A backpacking weekend in the Eagles Nest Wilderness just outside of Silverthorne and Vail, Colorado.
At a certain point in the summer, there are signs that fall is on the way.
The ground covers starts showing a little red. Aspen trees here and there have the first bit of yellow on their leaves. A faint odor of decaying vegetation is smelled . The evenings and early mornings have a slight nip to the air.
The day may be warm. The summer wildflowers may still be carpeting the mountainsides.
But there is no doubt that fall is on its way.
This past weekend in the Colorado high country, there very much was a touch of autumn in the air.
Summer is receding. Autumn is about to begin.
The chosen route for this weekend would be in the Eagles Nest Wilderness .
Joining me on this trip would be my buddy Mark. Judy, his a past partner, graciously offered to meet us at the end of a one-way trip. This offer would expand our trip options.
The route would take us from the Surprise Lake trailhead, by some popular lakes, up and over the Elliot Ridge, down to the Big Piney drainage, up the valley and over an un-named (on the map) pass and down to the popular Booth Lake trail just outside of Vail. A nice little jaunt to welcome in the upcoming season.
The weekend started with a hearty breakfast at the highly recommended Mountain Lyon Cafe. A place that actually makes their own corn beef hash! A rare treat in the early 21st century. We both chowed down. Thus fortified with fat, carbs, protein and copious amounts of caffeine, the trip could start in earnest.
We drove to the trailhead, threw on the packs, and headed up the trail.
The first lake was reached. A good place for any easy backpacking trip. But our hike would take us further.
We continued up the trail and spotted the popular Kat Lake. Nearby was the upper Cataract Lake as well.
We soon reached Mirror Lake not far from the edge of treeline. Thunder clouds moved in, lightning started…and then the hail!
The tarp was quickly erected to shelter us from the onslaught for the next hour. Going beyond treeline in this weather did not seem wise.
Once the hail stopped and the weather cleared, we moved up the trail and into the alpine zone. Elliot Ridge was spotted. The big hump for the day.
We encountered more hail and dashed to some trees. The weather cleared again.
A planned side trip was up to the gentle summit of Meridian Peak. The mountain itself is not too jaw dropping. Just a wide summit at the end of the ridge. Old jeep track leads to the top of the mountain. The views, however, are quite incredible. Amazing views towards the jagged peaks that make up most of the Gore Range. And I’ve always seen mountain goats from this summit.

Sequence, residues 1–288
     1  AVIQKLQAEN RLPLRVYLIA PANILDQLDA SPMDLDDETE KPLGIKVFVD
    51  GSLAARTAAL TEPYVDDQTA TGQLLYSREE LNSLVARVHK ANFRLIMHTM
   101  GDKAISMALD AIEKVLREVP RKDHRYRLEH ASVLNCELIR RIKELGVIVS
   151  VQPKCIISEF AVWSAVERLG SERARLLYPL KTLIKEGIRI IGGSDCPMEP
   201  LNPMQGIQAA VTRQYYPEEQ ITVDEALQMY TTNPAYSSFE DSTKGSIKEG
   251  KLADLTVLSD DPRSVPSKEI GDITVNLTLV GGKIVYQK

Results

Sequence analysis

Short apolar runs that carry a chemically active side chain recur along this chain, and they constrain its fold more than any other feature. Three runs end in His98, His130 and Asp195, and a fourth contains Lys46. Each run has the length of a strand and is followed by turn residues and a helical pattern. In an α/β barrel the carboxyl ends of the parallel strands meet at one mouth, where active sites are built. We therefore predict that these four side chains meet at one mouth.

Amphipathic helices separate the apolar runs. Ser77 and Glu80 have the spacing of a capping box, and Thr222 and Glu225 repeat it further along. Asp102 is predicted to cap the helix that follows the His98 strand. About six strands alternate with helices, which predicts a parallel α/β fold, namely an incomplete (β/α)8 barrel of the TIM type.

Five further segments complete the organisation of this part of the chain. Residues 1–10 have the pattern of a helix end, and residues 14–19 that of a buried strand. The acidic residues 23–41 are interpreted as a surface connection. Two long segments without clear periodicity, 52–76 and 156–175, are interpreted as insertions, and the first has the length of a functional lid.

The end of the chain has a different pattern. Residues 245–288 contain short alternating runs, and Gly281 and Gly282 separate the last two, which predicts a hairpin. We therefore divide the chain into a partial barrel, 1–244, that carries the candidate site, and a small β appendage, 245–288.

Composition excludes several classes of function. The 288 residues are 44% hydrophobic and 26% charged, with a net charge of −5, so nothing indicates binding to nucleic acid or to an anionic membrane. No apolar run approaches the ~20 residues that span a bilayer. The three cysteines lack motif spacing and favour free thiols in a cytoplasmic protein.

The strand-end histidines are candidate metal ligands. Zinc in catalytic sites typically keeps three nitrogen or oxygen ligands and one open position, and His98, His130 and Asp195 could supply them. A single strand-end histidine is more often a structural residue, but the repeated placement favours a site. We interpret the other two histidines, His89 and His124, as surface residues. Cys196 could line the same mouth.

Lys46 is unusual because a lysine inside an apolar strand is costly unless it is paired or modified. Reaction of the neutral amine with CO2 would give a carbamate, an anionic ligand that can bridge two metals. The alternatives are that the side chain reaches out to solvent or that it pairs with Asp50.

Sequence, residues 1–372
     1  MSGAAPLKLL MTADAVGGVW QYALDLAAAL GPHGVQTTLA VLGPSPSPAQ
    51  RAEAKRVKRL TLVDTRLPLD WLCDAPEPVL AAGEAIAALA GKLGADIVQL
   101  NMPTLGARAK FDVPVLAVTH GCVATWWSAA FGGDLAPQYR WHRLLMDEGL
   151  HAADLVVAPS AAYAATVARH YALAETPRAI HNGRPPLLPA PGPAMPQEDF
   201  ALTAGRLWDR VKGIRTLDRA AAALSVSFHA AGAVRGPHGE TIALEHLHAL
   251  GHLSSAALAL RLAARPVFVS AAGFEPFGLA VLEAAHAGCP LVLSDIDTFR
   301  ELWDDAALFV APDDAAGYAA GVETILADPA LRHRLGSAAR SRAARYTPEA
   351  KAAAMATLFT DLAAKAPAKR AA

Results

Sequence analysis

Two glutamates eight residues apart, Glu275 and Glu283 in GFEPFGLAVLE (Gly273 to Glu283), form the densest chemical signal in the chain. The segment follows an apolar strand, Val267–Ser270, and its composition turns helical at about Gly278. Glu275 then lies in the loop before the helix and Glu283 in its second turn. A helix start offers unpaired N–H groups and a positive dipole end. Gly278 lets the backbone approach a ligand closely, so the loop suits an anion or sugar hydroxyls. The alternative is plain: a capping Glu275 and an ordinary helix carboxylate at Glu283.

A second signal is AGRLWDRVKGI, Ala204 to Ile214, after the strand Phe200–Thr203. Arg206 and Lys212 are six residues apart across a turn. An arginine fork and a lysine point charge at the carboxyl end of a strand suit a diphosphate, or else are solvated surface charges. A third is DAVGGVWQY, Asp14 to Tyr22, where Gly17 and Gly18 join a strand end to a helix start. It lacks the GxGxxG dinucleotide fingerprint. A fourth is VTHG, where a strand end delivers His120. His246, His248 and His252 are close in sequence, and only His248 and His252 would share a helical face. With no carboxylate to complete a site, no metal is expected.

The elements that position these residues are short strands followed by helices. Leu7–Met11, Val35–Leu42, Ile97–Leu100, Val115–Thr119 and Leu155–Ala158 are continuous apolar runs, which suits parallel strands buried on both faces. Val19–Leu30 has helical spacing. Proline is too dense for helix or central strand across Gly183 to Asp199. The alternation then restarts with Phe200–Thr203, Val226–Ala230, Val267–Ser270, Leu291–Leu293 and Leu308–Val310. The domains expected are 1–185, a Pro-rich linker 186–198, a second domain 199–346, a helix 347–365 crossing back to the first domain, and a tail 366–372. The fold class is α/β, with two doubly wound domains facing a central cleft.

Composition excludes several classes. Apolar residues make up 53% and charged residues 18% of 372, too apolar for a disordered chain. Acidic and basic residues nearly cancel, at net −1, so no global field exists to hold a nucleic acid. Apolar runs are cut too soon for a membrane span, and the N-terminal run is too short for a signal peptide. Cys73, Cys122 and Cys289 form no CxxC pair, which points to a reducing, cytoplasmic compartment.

But the iffy weather and the about two-miles round trip hike nixed the idea. Some other time…
We dropped off the ridge and followed old jeep track that made up the trail in this part of the wilderness.
A great view was had in the cool night air.
A libation was enjoyed as well, too!
The following day, we made our way to the valley floor. The trail lead through an aspen forest.
The Big Piney meadow was reached with an extremely beautiful view towards the ridge we’d be hiking over.
We made our way up the trail, followed a popular use trail up the drainage and then ‘schwacked along another fork of the creek to a meadow. On the map, there was an un-named pass the look liked an obvious exit point.
The terrain proved this map reading to be correct.
I would later find out that this pass has a popular, if un-official name.
The views up to the pass were also astounding. The peaks were calling to be scrambled up and enjoyed. With the weather, however, that would have to wait for another time.
At the top of the pass, we enjoyed our hard work (while noticing the cloud build up urging us to not linger too long!)
We went down the other side of the pass and saw many late-season wildflowers.
Both sides of the pass were an amazingly beautiful area.
We followed the drainage and eventually stumbled upon a social trail.
The social trail lead to the popular Booth Lake trail just outside of Vail.
We made our way down; passing people heading up to the lake or finishing for the day.
The nature of trek had changed. A well-worn trail would lead back to the car.
One last view of late-season fireweed would be had first.
One of the last flowers to bloom before autumn truly comes to the high country.
We arrived back to the car. Judy was waiting, saw us and hinted perhaps we wanted to change before getting into the car? 😉
A post-hike beer and pizza was enjoyed, we drove back to my car at the first trailhead, I said goodbye to my friends and the drive was made back to Boulder.
Next week a past partner and I are exploring the Spanish Peaks. I am anticipating even more fall-like weather. In the mean time, I will savor the last bit of summer.
Though this route is partially off-trail, the route is reasonably obvious on the map. For the person comfortable reading a map, the brief description at the start of this article should do the trick.